Saturday 27 April 2013

The restless dead in the Middle Ages

Did people in the Middle Ages believe in ghosts? They certainly believed in restless spirits, which they called revenants, from the Latin meaning ‘to return’. It was believed that the unquiet dead, particularly those who had died by violence or by reason of a grudge, or those who would not give up strong passions and carnal pleasures, would return to haunt the living. These revenants might appear within a graveyard or in a particular area, known to them in life, and terrorize the living.

In 'Dark Maiden' I have a woman who is tormented by a lusty revenant who comes to her bed and tries to lie with her. Yolande, my heroine, learns that in this case the restless dead is the woman's husband. As an exorcist, Yolande takes certain steps to ensure that his widow is no longer plagued. You can find out what she does in the novel.

Here's an excerpt to give you a flavour. Yolande is talking to the villagers in their church. All the things she speaks of were believed or done in the Middle Ages.

“Godith, I have said it already. This is no vampire,” Yolande repeated for the third time.
       “How do you know that?”
       “Because there is no plague, pestilence or disease here. There is a restless soul, a revenant, yes, but one drawn by love and desire, not by hate.” Her lips quivered slightly, the only sign of tension in her. “I will write a letter of absolution and the soul will find his rest.”
       “Does that mean the dreams—”
       “Another matter altogether. I will work on that when I have finished with the revenant.”
       “Yet how can that be, and so simple? A letter?”
       “Being a sacred scribe is not simple,” Geraint put in. He wanted to wag a finger at the noisy goodwife, but confined  himself to folding his arms across his chest. “Can you write, Mistress Reeve?”
        Even in the dim orange flames, he could see Godith blush. “We heard his dogs outside,” she exclaimed, as indignant as a hen pushed off its nest and determined to have her say. “They come because they dread him and how is that good? How can he be good?”
       “Whose dogs?” Yolande stepped forward into the heart of the nave and bore down on Godith. “Was he a huntsman, a forester? I promise I will harm nothing, do no injury to any of your kin, be they living or passed on.”
        She stood tall and slim as a lily, a gentle dark Madonna. The drooping garland of Christmas roses hung from her belt like a perfumed cloud, the candle and brazier flames surrounded her like a halo. “Please, let me help you. Let me help this poor soul to his final, honored rest.”
        “He was a huntsman for our lord. Martin, his name was,” remarked a quiet, weary voice. “He was my husband. He owned the dogs, though they come to me now, and often not only them… We buried him last month by the church gate so he can see our house.”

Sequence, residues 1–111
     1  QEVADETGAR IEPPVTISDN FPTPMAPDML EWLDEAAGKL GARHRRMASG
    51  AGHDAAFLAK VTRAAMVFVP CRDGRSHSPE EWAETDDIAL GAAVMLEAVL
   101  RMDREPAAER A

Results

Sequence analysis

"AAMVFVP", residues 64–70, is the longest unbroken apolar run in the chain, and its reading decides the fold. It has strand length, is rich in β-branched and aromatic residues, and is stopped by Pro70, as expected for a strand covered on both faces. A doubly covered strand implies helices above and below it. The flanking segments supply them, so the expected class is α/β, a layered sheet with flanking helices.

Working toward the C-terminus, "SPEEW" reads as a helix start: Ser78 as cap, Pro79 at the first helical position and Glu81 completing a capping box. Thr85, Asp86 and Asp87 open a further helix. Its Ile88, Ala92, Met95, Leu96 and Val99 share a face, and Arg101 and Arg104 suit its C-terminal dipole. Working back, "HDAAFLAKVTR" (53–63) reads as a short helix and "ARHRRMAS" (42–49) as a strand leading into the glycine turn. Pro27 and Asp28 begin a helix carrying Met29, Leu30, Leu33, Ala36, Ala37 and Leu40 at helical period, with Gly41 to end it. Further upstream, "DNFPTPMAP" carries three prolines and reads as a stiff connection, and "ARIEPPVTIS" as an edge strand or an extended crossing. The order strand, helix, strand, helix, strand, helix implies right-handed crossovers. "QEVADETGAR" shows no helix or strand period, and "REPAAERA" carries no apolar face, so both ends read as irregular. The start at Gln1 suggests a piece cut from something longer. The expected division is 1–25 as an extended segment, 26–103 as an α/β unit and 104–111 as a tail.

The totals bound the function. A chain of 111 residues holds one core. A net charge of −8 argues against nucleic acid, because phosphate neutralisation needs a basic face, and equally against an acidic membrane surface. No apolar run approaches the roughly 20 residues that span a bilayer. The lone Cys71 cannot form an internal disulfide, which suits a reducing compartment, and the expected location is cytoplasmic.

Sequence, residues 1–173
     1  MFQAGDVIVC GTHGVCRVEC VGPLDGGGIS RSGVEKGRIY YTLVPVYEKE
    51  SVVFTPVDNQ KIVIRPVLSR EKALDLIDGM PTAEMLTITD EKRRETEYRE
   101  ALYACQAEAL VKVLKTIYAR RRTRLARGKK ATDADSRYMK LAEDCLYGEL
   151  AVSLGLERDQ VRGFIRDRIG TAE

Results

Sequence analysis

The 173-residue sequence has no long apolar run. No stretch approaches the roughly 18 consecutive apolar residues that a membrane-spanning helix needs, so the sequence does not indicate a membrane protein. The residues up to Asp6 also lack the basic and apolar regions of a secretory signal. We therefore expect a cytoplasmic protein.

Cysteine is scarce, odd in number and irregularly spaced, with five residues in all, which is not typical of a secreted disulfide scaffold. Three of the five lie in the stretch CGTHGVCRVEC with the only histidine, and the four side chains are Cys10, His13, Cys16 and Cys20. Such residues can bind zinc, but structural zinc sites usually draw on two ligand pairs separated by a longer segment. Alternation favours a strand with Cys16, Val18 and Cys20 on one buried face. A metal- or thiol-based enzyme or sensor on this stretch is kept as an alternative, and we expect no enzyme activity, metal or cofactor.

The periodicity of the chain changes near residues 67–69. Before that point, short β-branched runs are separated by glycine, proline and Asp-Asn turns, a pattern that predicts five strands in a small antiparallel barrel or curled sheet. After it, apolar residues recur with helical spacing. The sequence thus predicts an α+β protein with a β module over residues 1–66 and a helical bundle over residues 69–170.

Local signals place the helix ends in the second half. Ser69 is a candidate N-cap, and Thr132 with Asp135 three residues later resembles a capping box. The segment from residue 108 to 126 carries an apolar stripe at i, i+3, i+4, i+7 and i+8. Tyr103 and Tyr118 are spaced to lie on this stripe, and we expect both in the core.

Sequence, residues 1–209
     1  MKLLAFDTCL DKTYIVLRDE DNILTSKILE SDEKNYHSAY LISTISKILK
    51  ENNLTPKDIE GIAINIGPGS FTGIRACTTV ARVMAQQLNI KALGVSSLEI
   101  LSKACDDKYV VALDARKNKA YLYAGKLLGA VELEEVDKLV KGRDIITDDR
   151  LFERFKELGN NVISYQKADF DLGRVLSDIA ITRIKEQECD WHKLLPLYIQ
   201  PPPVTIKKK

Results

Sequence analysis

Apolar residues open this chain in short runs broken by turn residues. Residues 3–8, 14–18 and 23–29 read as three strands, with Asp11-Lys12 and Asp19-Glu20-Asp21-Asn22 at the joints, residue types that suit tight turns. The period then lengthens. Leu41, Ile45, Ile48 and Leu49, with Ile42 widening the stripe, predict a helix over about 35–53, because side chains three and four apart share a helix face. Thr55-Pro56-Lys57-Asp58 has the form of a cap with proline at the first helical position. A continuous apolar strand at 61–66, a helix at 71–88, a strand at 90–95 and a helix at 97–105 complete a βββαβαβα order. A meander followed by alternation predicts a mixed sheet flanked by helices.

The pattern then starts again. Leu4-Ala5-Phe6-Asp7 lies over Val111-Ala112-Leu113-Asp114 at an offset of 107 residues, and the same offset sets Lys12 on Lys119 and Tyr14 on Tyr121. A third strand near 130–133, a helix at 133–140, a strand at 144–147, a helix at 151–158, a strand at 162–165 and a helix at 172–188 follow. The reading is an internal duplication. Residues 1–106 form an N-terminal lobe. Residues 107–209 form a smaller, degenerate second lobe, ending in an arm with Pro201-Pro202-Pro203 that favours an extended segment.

A squat ball of a woman pushed through the reluctant villagers, with a son and daughter trailing behind like ducklings. When she looked up at Yolande, Geraint saw the grooved shadows under the woman’s eyes and could not help but notice how her homespun dress bagged on her.
       Martin liked his woman very plump, but she has lost much flesh of late.
       “Perhaps we buried him too close,” she was saying. “He can find us—find me—so easily. Father William said he would rest.”
        Father William knows little of rest himself these days. Geraint disliked the clergy but even he could find a little pity for this less-than-holy father.
       “Daughter, I can give him peace,” Yolande said gently. “He loved you greatly, yes?” And more gently still, “He seeks to remain with you? By day and by night? Does he come as himself, or as shadow?”
       “Shadow. Ah God!” The woman shuddered and fresh tears burst from her. Yolande swiftly drew her aside to the south wall of the nave, talking to her and her children in a low, urgent way. Geraint could tell it by the set of her shoulders and by the way she lifted and stretched out both arms as if to shield the stricken family.
       “She yours?”
        Geraint deigned to glance at the smith, disliking the fellow already, the more so because the fellow was still looming in church. “My lady is her own.”
        “Bitten off more than she can chew here, I wager.”

More details of 'Dark Maiden' here

Read Chapter One


Rose Anderson said...

Intriguing! Best luck. :)


Linda Acaster said...

Oh, very atmospheric. And "normal" within the constraints of the period, which I consider very well done.

Sarah J. McNeal said...

You never cease to amaze me with your variety in story subjects. I don't believe in ghosts, but I'm certain you'll have me convinced of their existence by the end of this intriguing new release.
All the best to you, Lindsay.

Ana Morgan said...

Love this history, Lindsay.

Lindsay Townsend said...

Thanks so much for your supportive feedback, Rose, Linda, Sarah and Ana.
It really is much appreciated.

Carol McGrath said...

Well I never knew they called them revenants. I have learned something I may make a passing reference to in the current WIP. Really timely. Thank you for a great post and piece of very atmospheric writing too.

Lindsay Townsend said...

Many thanks, Carol. Best Lindsay